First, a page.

Sales of previously owned homes were 4.1% lower in October compared with September, running at a seasonally adjusted annualized rate of 3.79 million units, according to the National Association of Realtors.
It was the slowest sales pace since August 2010. Analysts were expecting a smaller drop, to 3.9 million units. Sales were down 14.6% year over year.
The October sales count is based on closings from contracts likely signed in August and September. The average rate on the 30-year fixed mortgage had dropped to near 7% at the end of August, but then began rising sharply, jumping over 8% by mid-October. Rates have since retreated somewhat.
“Prospective home buyers experienced another difficult month due to the persistent lack of housing inventory and the highest mortgage rates in a generation,” said Lawrence Yun, NAR’s chief economist. “Multiple offers, however, are still occurring, especially on starter and mid-priced homes, even as price concessions are happening in the upper end of the market.”
At the end of October there were 1.15 million homes for sale, down 5.7% from a year earlier. This is about half as many homes as were available for sale pre-Covid. At the current sales pace, that represents a 3.6-month supply. a six-month supply is considered a balanced market between buyer and seller.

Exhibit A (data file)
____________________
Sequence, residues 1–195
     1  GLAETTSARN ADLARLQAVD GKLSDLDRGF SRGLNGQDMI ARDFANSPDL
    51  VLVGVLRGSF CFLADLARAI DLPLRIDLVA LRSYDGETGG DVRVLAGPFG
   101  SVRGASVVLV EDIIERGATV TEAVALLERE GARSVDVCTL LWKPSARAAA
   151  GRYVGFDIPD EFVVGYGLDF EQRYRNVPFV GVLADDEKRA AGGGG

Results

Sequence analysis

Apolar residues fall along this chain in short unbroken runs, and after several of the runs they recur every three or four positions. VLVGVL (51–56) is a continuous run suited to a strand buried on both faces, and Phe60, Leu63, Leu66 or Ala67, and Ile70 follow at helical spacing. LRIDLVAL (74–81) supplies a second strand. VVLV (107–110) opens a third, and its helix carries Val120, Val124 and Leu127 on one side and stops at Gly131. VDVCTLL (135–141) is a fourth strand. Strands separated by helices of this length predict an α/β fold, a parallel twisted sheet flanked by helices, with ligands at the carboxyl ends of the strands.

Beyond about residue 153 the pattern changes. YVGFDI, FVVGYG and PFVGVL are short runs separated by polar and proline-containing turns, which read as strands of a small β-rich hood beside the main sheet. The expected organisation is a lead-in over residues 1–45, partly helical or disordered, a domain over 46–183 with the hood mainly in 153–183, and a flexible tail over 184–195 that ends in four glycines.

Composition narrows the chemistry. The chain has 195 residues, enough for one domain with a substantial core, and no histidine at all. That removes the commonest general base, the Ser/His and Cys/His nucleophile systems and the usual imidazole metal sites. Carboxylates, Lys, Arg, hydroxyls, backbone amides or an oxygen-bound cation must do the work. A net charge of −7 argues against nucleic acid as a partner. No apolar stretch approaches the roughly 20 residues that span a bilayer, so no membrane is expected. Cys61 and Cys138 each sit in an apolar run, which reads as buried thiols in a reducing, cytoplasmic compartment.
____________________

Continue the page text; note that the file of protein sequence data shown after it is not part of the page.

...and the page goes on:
Tight supply kept pressure under prices. The median price of an existing home sold in October was $391,800, an increase of 3.4% from a year ago ($378,800). Prices rose in all regions of the country. These annual price increases have been getting larger for four straight months. Roughly 28% of homes sold above list price.
“While circumstances for buyers remain tight, home sellers have done well as prices continue to rise year-over-year, including a new all-time high for the month of October,” Yun said. “In fact, a typical homeowner has accumulated more than $100,000 in housing wealth over the past three years.”
Sales fell in all price categories up to $750,000, but there was an increase in sales of higher-end homes. Homes priced above $1 million were up just over 9% from a year ago. Wealthier buyers either tend not to use mortgages or are less sensitive to monthly rate changes. Yun also noted that there are more homes available for sale on the higher end of the market.
First-time buyers represented 28% of October sales, unchanged from a year ago and still significantly lower than the 40% share they have represented historically. Individual investors bought 15% of the homes, down from 18% in September and 16% from a year ago. All-cash deals made up 29% of sales, up from 26% in October 2022.
Don’t miss these stories from CNBC PRO: